Posts Tagged ‘API’
The oil industry is losing friends fast, and this latest Twitter stunt won’t win them back: The American Petroleum Institute (API) has been accused of creating more than a dozen fake Twitter accounts to promote a new pipeline.
Announced yesterday, Twitter has added a high-profile member to its API team. They’ve hired Akash Garg, the co-founder of Hi5 and more recently CTO at Bebo, who will now work on keeping the Twitter you know and love up and running.
Ahh, drama in the Twitterverse. While we’re used to it being between larger-than-life celebs, this time around it was a very public brawl between Twitter and a third-party app developer that caused a mini-scandal. Twitter had suspended two of the most popular Twitter apps – made by the fast growing Twitter app company, UberMedia – last week, and reversed the suspension on Sunday.
In what some believe is a move to edge out smaller developers, Twitter announced yesterday that it will stop whitelisting developer requests for unrestricted access to their API. This could be a temporary measure, or it could be a move that signals that Twitter is hoping developers begin to pay for access to a larger chunk of the Twitter stream – or don’t access it at all.
I had planned (and hoped) to do a video tutorial for Seesmic Desktop, but I just haven’t had the time. However, I know enough people are waiting for me to do something, and I get enough questions on a day-to-day basis about Seesmic, that I felt it wasn’t fair to keep these folk waiting any longer. So, to compromise, and along the lines of my tutorial about TweetDeck, here we go.
I first reviewed Seesmic Desktop in April of this year. Back then, I felt the software had a lot of potential, but was far too buggy on the Windows platform. In late May, version 0.2.1 of the software was released, and with it several significant improvements. So much so, in fact, that I switched from TweetDeck, my de facto Twitter client of choice, completely to Seesmic Desktop, and haven’t looked back.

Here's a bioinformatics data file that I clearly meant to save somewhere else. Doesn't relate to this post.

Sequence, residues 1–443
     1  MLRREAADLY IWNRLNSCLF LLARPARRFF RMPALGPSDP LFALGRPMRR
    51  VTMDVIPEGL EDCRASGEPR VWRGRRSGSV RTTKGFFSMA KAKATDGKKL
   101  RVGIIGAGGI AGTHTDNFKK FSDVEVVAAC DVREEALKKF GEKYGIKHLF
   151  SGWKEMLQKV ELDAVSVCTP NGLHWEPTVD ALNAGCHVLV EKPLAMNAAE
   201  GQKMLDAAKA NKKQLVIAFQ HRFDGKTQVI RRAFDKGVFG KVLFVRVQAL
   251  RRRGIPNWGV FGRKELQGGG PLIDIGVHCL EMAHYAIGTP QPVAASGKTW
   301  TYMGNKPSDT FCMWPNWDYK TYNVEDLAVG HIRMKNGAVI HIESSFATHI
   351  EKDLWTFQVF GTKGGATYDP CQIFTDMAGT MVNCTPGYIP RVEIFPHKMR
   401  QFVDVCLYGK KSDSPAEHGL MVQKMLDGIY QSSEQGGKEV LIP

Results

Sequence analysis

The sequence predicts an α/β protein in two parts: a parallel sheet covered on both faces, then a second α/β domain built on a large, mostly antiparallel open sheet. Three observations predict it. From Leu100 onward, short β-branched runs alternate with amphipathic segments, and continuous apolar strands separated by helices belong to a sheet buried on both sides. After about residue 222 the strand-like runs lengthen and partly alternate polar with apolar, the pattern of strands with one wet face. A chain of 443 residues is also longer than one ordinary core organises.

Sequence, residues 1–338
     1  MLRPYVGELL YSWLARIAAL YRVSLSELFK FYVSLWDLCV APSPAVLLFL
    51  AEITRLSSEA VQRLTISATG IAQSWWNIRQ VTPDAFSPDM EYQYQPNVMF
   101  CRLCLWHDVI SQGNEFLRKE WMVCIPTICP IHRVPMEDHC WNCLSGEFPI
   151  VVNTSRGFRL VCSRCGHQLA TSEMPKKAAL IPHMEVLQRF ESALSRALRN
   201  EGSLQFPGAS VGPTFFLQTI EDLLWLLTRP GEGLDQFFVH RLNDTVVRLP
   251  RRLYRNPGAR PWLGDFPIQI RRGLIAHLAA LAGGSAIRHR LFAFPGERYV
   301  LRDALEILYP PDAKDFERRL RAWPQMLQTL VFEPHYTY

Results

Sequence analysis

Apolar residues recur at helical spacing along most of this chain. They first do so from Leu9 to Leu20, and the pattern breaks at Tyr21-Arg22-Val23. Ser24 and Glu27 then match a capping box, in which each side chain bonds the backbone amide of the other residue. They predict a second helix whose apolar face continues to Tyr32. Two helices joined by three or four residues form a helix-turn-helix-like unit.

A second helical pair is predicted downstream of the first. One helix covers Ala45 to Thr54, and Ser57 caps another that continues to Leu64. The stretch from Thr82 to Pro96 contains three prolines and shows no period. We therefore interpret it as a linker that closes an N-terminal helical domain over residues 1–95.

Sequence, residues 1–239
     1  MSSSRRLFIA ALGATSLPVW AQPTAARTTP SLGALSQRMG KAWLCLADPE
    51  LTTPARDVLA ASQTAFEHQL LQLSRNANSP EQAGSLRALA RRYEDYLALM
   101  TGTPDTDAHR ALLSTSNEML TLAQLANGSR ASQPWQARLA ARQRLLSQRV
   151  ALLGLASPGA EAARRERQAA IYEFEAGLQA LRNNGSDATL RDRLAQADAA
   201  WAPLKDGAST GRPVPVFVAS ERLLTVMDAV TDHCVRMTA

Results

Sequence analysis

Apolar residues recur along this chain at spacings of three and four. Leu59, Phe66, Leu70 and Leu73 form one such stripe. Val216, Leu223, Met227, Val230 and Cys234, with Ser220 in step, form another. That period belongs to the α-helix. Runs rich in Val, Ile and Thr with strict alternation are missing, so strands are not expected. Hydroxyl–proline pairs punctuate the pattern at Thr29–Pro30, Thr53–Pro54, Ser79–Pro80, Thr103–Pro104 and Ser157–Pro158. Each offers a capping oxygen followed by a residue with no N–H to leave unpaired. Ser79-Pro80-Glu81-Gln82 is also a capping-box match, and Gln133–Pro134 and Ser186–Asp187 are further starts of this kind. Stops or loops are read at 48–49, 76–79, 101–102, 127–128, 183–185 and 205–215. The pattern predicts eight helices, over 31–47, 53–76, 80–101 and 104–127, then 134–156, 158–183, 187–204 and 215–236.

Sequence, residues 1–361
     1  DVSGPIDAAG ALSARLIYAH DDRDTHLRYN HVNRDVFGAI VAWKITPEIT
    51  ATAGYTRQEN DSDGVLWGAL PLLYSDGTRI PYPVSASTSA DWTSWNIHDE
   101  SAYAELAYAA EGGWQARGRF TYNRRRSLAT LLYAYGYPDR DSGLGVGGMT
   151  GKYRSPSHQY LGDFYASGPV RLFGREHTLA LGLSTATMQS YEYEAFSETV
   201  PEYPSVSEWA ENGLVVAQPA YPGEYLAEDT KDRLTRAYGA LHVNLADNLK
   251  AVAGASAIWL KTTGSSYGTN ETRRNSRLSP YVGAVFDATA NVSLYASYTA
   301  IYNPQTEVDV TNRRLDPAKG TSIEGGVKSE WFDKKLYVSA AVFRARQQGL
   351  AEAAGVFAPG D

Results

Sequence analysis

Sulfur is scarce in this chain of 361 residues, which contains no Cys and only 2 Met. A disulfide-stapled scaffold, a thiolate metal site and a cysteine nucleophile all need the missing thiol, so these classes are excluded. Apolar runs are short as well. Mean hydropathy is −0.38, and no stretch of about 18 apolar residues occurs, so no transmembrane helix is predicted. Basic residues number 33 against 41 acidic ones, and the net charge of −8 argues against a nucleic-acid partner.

If you’re unfamiliar with Seesmic Desktop, or wish to know more about the pros and cons of the software, please read my most recent article before continuing with this tutorial.
It’s also important you have the latest version of the software, which at the time of writing is 0.2.1. (Note: this is a direct download. If this is your first install of Seesmic Desktop, you will need to install Adobe AIR first. Adobe AIR works on Windows, OSX and Linux.)
Let’s Get The Semantics Out Of The Way
- I define ‘fun’ as ‘enjoying your time on Twitter’, and
- With ‘profit’, I am referring explicitly to the spiritual gain you will make from the rewarding relationships Seesmic Desktop will help you build with your followers. This is not to be confused with financial gain; that said, because Seesmic greatly improves the Twitter experience, certainly in terms of engagement, this is a realistic possibility.
Regular readers will be aware that I do all of my Twittering (and everything else) via a Samsung NC10 netbook. The NC10 is a fantastic computer that is powerful enough for all of my needs, and it’s important to note that it has a 10-inch screen with a resolution of 1024×600 pixels. This means that while I get significant benefit from the way I configure Seesmic Desktop (and, indeed, the way I configured TweetDeck), readers with larger screens (i.e., on a standard-sized laptop or desktop computer) will be able to tweak Seesmic for even greater rewards.
A few times on this blog (and elsewhere) I’ve made the observation how just because Twitter is – or perhaps more accurately, has been – riding a wave of success and positive PR, it doesn’t mean it will always be that way. Things can change. Fast.
This year, we’ve already had a very unfavourable reaction to Twitter’s decision to remove the facility for users to see all replies; their response to this was equally absurd, to a point where I started to wonder if they have been just winging it all along.